A FAIR TAX HALLMARK is to be trialled and potentially rolled out nationwide, assuring independent accreditation of responsible tax practices.
Midcounties Co-operative, Unity Trust Bank and The Phone Co-op have become the first businesses to bear the standard, which was developed by a team of tax justice campaigners and tax experts.
The mark shows that a company is “making a genuine effort to be open and transparent about its tax affairs and pays the right amount of corporation tax at the right time and in the right place”, the team claim.
Controversy has surrounded the tax affairs of multinational companies, with Google, Starbucks and Amazon attracting criticism over the shifting of profits to low-tax jurisdictions.
Labour MP and chair of the Public Accounts Committee Margaret Hodge (pictured), which investigated the tax affairs of those companies, said public outrage over the tax affairs of multinationals meant the mark would be welcomed.
“This is an issue the public really cares about. Given the choice, many people would prefer to give their custom to a responsible business that does the right thing and pays its fair share of tax,” Hodge said.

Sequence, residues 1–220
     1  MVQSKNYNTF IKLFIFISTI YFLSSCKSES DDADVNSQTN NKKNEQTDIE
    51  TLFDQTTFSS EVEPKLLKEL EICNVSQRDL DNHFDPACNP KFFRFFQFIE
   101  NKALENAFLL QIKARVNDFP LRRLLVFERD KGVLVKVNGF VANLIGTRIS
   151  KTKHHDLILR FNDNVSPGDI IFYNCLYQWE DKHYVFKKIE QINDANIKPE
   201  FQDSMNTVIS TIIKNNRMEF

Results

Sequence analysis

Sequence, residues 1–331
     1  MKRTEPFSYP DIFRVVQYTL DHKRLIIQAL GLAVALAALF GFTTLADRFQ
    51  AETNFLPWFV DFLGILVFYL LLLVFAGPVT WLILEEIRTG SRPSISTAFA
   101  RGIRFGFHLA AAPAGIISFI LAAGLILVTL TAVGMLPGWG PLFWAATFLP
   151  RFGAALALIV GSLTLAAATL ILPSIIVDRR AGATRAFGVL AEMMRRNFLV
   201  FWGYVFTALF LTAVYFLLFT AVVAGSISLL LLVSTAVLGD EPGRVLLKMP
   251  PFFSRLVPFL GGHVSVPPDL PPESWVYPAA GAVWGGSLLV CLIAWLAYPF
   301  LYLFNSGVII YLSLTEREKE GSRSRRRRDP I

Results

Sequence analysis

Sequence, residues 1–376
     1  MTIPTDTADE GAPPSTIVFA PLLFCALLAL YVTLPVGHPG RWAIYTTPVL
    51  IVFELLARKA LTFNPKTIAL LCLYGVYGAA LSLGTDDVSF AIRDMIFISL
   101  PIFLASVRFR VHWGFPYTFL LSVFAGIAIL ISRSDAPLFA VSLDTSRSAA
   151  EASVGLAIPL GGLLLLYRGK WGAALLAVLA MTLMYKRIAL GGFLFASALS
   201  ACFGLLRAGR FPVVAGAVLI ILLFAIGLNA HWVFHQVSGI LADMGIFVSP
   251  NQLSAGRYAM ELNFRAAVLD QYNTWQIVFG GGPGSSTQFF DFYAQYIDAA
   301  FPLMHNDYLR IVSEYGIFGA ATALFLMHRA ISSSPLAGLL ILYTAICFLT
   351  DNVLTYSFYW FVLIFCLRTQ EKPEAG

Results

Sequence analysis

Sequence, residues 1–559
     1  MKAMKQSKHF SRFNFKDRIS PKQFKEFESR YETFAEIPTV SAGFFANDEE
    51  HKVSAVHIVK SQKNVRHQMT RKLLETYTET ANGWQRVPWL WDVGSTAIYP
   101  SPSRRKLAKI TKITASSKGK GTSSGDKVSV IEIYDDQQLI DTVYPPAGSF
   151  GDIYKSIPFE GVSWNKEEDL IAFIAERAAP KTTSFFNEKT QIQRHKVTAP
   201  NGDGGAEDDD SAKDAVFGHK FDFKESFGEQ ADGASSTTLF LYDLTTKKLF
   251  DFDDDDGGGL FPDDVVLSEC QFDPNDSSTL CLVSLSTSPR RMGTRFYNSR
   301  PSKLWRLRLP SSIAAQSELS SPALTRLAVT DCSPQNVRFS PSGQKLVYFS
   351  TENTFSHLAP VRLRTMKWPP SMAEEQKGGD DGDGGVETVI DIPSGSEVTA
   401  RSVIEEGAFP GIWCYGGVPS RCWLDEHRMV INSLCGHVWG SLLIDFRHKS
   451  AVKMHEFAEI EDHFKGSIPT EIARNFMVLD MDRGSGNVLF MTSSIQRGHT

“The Fair Tax Mark helps give them the power to make that choice, and seeing customers vote with their feet is perhaps the most effective deterrent there is to companies engaging in tax avoidance or other irresponsible practices.”
Research also finds that 84% of businesses believe that the government has not provided enough information about digital tax plans
A total of £16bn was lost through tax fraud last year, according to estimates released by Pinsent Masons
Additional tax a result of compliance investigations by HMRC, but overall revenue falls
Firm expands East Anglian team with appointments to the audit practice and private client tax team